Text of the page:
Biden may be opposed to war, possibly even to Ukraine joining NATO. But he is desperate to demonstrate US leadership and purpose after the Kabul fiasco. Unfortunately for Biden, Putin has proven to be a master of the game of divide and rule, negotiating with Macron here, keeping in close touch with Berlin there, while all the time warning Europe that if there is a conflict this is bound to lead to an even deeper energy crisis within a Europe which is already teetering on the economic edge.

Finally, the extended standoff over Ukraine has only cemented what was already a very close relationship between China and Russia. As I noted in a previous blog, throughout the crisis China has attacked the United States for having exacerbated, possibly even having caused, the standoff. China has also openly supported Putin’s call for a reordering of the whole European security architecture free of military alliances.

In a more recent and very lengthy communique, China has perhaps gone ever further. Indeed, in the communique, the two countries together not only argue against any NATO enlargement, and implicitly against NATO. They also make the much bigger point that both Beijing and Moscow as ‘world powers’ have to work closely together to help build a new multipolar order in opposition to what exists at the moment. From the point of the view of the West, the communique certainly presents a challenge.

Thus while its authors (referred to as ‘the sides’) celebrate the virtues of democracy, they go on to warn against promoting it by putting ‘pressure on other countries’. Those organisations of which Russia and China are active members, including the BRICs, the Shanghai Cooperation Organization, APEC and the UN are singled out for praise. The Belt and Road Initiative and the Eurasian Economic Union are also identified as increasingly significant bodies whose importance can only grow over time. The G20 also gets a special mention.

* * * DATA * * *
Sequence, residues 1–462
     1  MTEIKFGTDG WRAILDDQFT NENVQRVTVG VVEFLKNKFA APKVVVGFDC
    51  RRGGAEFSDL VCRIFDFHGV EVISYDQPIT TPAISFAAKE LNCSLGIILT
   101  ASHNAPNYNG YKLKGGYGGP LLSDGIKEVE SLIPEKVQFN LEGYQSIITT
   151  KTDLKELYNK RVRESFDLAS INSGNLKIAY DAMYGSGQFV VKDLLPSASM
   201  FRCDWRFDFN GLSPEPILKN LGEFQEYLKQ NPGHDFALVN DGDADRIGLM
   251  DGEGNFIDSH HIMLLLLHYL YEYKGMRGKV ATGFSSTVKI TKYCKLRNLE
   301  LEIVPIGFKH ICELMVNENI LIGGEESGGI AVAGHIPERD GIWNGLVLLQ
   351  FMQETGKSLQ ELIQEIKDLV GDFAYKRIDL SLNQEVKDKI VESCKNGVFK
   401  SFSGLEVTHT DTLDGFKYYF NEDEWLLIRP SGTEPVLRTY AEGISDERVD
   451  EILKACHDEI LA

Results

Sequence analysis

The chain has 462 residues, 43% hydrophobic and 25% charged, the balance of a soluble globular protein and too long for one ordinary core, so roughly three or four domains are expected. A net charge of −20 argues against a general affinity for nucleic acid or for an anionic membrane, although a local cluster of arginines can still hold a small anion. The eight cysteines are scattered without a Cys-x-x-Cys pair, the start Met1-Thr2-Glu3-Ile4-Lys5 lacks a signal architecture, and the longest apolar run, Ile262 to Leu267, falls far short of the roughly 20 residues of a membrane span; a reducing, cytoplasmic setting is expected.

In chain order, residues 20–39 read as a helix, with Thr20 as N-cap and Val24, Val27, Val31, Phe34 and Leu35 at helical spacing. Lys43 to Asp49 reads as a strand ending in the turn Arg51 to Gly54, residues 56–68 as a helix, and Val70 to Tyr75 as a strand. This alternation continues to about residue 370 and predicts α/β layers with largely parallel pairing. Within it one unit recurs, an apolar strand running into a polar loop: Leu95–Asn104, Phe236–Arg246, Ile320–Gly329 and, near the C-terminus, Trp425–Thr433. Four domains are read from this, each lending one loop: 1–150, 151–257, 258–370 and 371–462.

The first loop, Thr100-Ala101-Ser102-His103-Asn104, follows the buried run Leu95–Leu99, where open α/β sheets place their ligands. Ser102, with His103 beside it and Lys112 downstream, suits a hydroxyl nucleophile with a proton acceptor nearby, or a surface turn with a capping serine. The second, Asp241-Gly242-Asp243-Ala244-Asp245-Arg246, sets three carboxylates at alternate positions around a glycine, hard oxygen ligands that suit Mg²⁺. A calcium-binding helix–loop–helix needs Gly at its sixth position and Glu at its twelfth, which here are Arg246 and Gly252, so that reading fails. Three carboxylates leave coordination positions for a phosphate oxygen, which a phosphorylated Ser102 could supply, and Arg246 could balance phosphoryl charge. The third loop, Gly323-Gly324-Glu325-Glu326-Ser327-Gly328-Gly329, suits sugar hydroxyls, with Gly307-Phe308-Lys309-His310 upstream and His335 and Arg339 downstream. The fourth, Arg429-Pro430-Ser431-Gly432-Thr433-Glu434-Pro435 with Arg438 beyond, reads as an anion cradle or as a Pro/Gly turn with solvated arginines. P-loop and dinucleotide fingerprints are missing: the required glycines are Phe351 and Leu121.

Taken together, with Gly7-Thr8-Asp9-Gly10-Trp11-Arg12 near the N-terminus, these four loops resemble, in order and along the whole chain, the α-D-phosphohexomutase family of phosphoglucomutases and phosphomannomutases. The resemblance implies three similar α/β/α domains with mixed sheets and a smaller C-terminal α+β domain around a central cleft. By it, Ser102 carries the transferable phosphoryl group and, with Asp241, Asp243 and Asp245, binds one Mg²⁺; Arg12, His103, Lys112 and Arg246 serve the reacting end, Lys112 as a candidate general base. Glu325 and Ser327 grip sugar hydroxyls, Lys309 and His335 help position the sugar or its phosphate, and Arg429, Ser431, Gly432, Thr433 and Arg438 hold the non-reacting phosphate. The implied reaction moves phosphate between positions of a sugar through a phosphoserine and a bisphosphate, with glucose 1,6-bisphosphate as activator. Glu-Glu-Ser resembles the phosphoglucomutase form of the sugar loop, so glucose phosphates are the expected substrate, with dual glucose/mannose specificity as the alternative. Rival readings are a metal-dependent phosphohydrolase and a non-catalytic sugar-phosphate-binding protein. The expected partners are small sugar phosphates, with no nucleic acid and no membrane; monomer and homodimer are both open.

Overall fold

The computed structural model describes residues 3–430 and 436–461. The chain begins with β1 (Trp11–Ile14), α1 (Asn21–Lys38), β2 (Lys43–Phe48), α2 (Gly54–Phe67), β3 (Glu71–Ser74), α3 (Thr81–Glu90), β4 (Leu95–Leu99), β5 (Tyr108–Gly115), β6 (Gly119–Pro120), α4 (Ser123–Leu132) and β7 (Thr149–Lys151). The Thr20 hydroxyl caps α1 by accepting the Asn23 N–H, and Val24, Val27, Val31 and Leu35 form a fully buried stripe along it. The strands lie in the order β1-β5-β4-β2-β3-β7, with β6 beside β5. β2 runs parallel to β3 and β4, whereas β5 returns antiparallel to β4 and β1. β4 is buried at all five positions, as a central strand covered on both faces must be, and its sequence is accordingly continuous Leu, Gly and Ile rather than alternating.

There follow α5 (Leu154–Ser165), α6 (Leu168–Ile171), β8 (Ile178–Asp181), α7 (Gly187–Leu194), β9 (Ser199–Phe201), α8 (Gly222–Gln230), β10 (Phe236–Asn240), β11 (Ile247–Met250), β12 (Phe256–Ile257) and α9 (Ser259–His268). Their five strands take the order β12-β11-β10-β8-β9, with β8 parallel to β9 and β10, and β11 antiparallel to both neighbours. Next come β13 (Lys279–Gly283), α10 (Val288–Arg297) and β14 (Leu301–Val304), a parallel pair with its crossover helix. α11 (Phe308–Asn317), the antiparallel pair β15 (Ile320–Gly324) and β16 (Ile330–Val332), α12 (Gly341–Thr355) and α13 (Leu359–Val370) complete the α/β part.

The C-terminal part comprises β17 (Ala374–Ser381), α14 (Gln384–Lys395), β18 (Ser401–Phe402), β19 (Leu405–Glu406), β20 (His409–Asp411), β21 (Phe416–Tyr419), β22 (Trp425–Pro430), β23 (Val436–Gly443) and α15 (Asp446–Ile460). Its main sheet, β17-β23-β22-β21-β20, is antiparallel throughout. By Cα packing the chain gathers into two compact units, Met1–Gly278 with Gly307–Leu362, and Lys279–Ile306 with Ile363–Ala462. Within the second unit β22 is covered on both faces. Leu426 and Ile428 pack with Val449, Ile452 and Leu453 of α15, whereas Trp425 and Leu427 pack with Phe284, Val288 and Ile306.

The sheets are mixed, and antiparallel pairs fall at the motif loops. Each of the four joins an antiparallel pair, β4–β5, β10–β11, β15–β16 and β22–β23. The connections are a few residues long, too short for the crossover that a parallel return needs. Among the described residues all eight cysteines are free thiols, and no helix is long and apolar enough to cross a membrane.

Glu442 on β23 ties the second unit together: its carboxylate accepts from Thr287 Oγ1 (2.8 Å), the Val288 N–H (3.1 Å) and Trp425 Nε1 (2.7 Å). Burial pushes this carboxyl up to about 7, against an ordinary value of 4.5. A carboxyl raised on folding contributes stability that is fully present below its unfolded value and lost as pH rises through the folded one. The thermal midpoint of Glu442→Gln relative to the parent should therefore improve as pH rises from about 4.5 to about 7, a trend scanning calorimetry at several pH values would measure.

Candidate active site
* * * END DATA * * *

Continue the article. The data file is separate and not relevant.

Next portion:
Other organisations, however, are not even mentioned, including the European Union, as well as other western dominated institutions such as the G7, the IMF and the World Bank. Inevitably, the new AUKUS security deal between Australia, the UK and the US is singled out for criticism. As the communique makes clear, it both increases the danger of an arms race and poses ‘serious risks of nuclear proliferation’ in the region. Russia meanwhile makes it plain that it will continue to support China in its efforts to resist any and all US activities in the Asian region. This in turn is backed up by an unambiguously clear statement that ‘Taiwan’ remains an ‘inalienable part of China’ and that any moves towards independence by Taiwan would or should be resisted.